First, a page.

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    HomeUnited StatesU.S NavyNavy Veteran and 'King of B-Movies' Roger Corman Dies at 98

    Navy Veteran and ‘King of B-Movies’ Roger Corman Dies at 98

    Navy Veteran and ‘King of B-Movies' Roger Corman Dies at 98

    You might have heard the name Roger Corman or you might have a passing familiarity with his films. What you may not know is that, following his service during the end of World War II, he was responsible not just for cult classics such as “Little Shop of Horrors,” “A Bucket of Blood” and “The Wild Angels,” but for bringing some of America's most beloved movie stars to fame.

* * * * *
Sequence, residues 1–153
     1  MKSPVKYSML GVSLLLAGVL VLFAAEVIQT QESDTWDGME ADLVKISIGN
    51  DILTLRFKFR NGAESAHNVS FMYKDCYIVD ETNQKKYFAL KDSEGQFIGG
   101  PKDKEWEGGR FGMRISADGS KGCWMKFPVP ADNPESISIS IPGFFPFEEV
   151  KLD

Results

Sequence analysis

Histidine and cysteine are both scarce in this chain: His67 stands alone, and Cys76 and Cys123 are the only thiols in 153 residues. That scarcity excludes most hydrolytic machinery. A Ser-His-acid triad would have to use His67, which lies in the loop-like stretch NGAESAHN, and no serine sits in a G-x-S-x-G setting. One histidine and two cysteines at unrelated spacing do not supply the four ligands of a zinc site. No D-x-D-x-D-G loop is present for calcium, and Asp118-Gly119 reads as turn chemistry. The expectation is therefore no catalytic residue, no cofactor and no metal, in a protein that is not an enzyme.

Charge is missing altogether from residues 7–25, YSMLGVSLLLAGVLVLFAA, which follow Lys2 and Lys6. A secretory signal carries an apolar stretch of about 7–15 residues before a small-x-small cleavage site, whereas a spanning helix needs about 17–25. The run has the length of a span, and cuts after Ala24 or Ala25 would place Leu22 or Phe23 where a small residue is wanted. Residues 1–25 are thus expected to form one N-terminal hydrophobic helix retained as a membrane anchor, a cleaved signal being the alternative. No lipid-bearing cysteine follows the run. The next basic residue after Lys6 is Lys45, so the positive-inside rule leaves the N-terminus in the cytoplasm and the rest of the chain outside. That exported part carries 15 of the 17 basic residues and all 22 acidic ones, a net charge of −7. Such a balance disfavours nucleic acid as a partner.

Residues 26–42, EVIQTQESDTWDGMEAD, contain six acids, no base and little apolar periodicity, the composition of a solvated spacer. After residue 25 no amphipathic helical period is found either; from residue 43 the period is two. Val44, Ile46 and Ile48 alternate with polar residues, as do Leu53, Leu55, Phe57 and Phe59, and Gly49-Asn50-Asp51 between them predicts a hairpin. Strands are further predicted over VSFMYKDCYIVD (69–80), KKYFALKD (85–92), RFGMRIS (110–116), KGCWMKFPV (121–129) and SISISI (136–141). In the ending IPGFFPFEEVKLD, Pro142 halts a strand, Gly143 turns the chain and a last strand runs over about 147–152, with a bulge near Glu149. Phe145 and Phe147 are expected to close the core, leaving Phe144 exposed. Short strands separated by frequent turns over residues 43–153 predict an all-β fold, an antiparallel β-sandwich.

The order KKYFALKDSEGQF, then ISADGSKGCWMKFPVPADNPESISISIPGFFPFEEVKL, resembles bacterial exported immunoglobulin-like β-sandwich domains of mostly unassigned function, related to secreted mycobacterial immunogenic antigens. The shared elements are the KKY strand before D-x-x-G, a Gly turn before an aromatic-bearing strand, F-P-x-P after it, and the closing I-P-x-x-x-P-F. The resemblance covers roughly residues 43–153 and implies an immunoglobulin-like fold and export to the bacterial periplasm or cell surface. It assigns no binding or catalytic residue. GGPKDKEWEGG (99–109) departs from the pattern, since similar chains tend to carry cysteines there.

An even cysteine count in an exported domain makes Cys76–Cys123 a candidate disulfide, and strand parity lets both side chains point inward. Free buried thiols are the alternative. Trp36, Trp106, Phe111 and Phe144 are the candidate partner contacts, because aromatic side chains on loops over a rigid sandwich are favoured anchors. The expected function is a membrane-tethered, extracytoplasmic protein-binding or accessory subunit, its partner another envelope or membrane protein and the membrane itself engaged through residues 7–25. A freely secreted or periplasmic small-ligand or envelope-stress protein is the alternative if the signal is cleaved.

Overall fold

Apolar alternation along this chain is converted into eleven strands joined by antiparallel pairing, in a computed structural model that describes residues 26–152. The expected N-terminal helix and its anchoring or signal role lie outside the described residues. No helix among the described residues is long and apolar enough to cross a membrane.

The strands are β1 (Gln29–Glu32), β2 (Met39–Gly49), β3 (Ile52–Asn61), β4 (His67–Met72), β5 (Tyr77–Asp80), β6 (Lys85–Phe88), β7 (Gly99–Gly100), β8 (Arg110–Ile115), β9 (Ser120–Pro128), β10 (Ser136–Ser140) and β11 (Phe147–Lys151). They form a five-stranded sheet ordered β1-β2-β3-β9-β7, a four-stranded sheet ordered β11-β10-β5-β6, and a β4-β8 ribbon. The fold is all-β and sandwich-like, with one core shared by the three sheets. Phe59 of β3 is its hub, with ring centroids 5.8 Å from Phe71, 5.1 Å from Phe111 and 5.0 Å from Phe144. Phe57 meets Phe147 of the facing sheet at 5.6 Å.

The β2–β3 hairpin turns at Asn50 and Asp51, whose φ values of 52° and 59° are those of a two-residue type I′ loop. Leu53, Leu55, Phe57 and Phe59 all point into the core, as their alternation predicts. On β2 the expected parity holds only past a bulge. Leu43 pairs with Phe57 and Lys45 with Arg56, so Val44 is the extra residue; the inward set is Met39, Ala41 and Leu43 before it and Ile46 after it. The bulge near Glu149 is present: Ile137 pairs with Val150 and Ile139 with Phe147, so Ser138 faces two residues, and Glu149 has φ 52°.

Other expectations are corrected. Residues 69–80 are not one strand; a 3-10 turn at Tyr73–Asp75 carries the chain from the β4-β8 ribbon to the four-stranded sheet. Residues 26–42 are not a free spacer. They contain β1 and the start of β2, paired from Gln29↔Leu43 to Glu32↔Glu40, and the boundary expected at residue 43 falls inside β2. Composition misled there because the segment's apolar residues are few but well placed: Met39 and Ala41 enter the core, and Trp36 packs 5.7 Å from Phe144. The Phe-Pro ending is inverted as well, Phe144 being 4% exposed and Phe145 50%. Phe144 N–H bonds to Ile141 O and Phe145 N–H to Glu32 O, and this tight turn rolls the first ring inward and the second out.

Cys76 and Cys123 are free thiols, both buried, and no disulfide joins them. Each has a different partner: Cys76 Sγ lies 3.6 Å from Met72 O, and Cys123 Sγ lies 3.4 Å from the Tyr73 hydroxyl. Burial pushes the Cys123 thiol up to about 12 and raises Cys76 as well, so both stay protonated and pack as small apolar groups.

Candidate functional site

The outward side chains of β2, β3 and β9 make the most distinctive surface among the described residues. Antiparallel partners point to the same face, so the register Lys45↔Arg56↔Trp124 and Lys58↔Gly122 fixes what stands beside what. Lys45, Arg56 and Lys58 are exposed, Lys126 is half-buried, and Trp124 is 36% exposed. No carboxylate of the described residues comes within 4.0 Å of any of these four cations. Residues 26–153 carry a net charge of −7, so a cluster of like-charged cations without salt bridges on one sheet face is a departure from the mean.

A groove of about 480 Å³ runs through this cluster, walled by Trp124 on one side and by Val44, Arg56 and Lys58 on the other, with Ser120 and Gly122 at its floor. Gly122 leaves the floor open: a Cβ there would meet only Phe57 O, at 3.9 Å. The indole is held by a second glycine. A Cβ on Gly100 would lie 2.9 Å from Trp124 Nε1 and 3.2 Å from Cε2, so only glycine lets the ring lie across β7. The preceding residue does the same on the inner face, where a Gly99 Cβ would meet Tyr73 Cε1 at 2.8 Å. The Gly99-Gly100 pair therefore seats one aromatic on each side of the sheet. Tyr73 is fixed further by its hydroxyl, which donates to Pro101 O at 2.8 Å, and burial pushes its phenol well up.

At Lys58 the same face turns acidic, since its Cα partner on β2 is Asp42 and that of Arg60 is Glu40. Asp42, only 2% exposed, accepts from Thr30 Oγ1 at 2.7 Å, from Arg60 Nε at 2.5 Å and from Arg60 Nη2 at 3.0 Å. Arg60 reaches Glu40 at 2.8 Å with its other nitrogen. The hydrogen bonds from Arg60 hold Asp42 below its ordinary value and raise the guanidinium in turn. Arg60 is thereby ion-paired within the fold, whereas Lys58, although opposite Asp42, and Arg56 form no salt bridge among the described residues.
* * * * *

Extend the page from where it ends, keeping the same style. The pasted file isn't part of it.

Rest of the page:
The passing of Corman, who died at his Santa Monica, California, home on May 9, 2024, is the passing of a Hollywood legend.

    Born April 5, 1926, in Detroit, Corman grew up training to become an engineer. He was 15 years old when the United States entered World War II in 1941 and spent a year at Stanford University before transferring to the University of to study engineering as a Navy cadet under the V-12 College Training Program, which was designed to train young college students as officers with technical experience for future service. Corman, as an engineering student, was a prime candidate for the program.

    World War II would end before Corman would see any action against the Japanese, but he stayed on in the program until 1946, when he returned to Stanford to finish his degree. There was just one problem: He didn't want to be an engineer. When he graduated in 1947, he worked just four days at Electric Motors before quitting and going to work as a messenger at 20th Century Fox.

    It wasn't his job as a messenger that earned Corman his…

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